​Real Estate Insiders Share Insights for These Challenging Times

131 Post Ln, Southampton, NY
131 Post Lane, Southampton, Photo: Jake Rajs/Douglas Elliman

The East End real estate market is unique on many levels, but one thing it shares right now are challenges and questions in an ever-changing global, national and local landscape. Behind the Hedges turned to Hamptons and North Fork insiders and experts to share some observations they have been sharing with buyers, sellers and renters.

“[Everyone] should continue to remain informed and adhere to their government guidelines and recommendations, all while knowing their real estate professional is always there for them.”–Todd Bourgard, Douglas Elliman Real Estate

“Everyone should remember that eventually the market will return to normal and no one should panic. If you’re involved in a sale, then see it through. If you’re looking for a rental, don’t be intimidated by reports that inventory is gone. There are still houses to be rented.”–Gary DePersia, The Corcoran Group

“The current situation is going to change things, but it will create new opportunities. Some sellers will be more motivated, landlords will have the ability to rent for spring months that would normally be vacant, and buyers will be able to invest with peace of mind. With all of the volatility in the stock market, it may be more important than ever to invest in the Hamptons real estate market.”–Tim Morabito, Compass Real Estate

“The interest rates are at an all-time low. The stock market is uncertain. I am advising all of my client’s and customers to invest in real estate. It’s tangible. This too shall pass, and there are real opportunities to be had right now. I am taking advantage of the low interest rates, myself, and investing in another property. No more ‘would’ve, should’ve, could’ve.'”–Mary Terry, Daniel Gale Sotheby’s International Realty

“The market in the first part of the year was on fire. Sellers had become more realistic and buyers were taking advantage of the new price point. Whenever there is an event such as the coronavirus, it has a marked influence on our sales market. Our buyers are very sophisticated. They go to the sidelines until the future economic direction is clear. Models such as in China and South Korea have shown that this virus will diminish. I foresee that once it does, the market will resume its positive direction. For all people in this stressful time, it’s important be civil to each other.”–Alan Schnurman, Saunders & Associates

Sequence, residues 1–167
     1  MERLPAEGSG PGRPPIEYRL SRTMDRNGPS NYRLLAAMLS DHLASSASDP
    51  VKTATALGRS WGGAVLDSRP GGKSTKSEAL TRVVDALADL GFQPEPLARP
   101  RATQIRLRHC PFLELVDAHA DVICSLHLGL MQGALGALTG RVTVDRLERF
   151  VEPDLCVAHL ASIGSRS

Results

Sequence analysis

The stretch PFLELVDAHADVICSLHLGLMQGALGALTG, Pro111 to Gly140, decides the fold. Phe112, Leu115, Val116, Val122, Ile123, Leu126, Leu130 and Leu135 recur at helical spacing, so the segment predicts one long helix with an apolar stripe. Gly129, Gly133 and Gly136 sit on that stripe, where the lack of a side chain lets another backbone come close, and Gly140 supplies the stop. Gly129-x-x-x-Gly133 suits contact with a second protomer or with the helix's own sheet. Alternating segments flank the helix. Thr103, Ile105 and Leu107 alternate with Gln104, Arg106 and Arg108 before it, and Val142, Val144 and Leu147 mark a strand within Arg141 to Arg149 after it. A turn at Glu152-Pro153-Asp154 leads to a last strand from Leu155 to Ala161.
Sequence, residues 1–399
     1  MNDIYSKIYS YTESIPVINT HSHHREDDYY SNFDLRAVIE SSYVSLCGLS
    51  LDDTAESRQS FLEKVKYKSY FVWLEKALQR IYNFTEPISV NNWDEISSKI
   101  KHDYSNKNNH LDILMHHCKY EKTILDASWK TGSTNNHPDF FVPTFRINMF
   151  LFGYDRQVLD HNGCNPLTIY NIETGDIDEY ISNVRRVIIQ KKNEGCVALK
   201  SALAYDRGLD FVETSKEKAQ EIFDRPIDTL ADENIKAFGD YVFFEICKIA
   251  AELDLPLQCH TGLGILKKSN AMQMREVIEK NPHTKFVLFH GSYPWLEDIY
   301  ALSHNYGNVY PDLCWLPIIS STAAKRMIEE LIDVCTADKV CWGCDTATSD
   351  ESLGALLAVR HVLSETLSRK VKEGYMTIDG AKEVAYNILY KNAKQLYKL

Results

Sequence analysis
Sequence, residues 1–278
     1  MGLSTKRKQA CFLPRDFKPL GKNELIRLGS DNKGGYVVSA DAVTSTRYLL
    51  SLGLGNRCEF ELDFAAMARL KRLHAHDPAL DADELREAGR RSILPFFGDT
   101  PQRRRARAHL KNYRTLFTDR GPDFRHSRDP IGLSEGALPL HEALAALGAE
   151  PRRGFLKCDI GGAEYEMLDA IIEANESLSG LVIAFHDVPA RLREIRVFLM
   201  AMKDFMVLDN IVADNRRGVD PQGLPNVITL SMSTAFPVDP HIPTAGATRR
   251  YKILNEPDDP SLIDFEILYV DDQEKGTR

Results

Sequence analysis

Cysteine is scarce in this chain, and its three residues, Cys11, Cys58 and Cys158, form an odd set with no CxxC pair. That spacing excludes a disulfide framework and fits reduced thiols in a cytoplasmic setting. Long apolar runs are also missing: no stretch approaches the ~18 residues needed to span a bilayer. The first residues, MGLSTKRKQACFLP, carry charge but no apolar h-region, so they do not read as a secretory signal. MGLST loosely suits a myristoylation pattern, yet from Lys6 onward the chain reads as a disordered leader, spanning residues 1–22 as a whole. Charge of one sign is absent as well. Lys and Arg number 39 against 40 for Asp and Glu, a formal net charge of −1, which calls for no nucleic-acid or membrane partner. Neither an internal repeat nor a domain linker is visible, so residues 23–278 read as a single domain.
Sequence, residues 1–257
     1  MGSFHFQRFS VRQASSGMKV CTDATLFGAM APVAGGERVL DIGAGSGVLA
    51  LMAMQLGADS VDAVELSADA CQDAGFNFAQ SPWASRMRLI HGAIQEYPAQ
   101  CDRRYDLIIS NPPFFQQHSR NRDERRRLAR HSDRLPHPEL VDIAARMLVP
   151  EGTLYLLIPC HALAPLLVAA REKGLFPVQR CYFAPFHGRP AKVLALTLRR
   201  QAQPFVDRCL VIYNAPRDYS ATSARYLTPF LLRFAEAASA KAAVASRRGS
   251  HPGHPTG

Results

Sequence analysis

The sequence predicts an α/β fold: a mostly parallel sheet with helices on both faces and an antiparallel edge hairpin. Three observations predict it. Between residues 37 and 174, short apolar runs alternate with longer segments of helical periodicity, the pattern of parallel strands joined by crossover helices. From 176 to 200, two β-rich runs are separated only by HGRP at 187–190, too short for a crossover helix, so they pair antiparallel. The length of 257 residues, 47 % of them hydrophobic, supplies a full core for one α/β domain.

“The United States is the most resilient country on the planet. The underlying economics of the real estate market on the East End were good, personal debt was low and home equity was high unalike 2007 to 2009.  The economy was very strong prior to Corona Virus.  I anticipate that once this is under control, the economy, jobs and prosperity will come back quickly.”–Thomas McCloskey, Douglas Elliman Real Estate

“It’s critical that we all participate in curbing this pandemic over the next couple of weeks….I think it’s important for everyone to keep in mind that we will all get through this together.  Everyone needs to exercise patience and compassion–stay focused on helping those around us that need it most. The Hamptons is and has always been a desired destination in the best and worst of times, as evidenced after the 2008 financial crisis and 9/11.”–Lori Schiaffino, Compass Real Estate

“There are landlords gouging city tenants for short-term rentals, which is sad, because everyone is in this together. I am opening my own summer cottage in Sag Harbor Village and will offer it for a reduced price. Sales have picked up but prices are down, so there is no surprise on that front.”–Christopher Burnside, Brown Harris Stevens

“For buyers, there are great opportunities in the marketplace and now is the time to capitalize, or they will be sorry in a year or so. For sellers, if you are not priced accordingly, nothing is going to happen. Today’s buyers have a great amount of choice, and either the seller wants to sell or not. For renters, most properties are priced to rent, after a few slow summers. There is always some room in the asking price, but it is not huge drops.”–Timothy O’Connor, Halstead Real Estate

“Home valuations will remain strong after we recover from this. The notion of having a place out here to retreat to from the city specifically will forever hold tremendous value.”–Maria Cunneen, Compass Real Estate

“First and foremost, I’m available for all my customers and clients, simply to talk about the situation at hand and calmly discuss their options. This is a very confusing time. We’ve been trying to match up as many tenants and landlords as possible for immediate rental needs. On the sales front, we’re negotiating a few deals that have come about 5% away and stalled as both sides have dug in. Our buyers are mostly taking a step back to evaluate though a small percentage have forged forward. Overall my advice is business as usual–for my sellers, let’s consistently keep your property on the buyers’ radar, and for the buyers, let’s keep a keen view on what opportunities present themselves.”–James Peyton, The Corcoran Group

“This coronavirus has tentacles–its full effect is yet to be determined and may only be evaluated once it’s in the rearview mirror. Having been a broker here through the ’87 Crash, 9-11 and the Great Recession, I can honestly say these are uncharted waters….We will get through this. Look forward and take a beach walk! To own–or rent, if you can’t afford to own–a slice of heaven on earth is cheaper than therapy….Yes, this too shall pass.”–Judi Desiderio, Town & Country Real Estate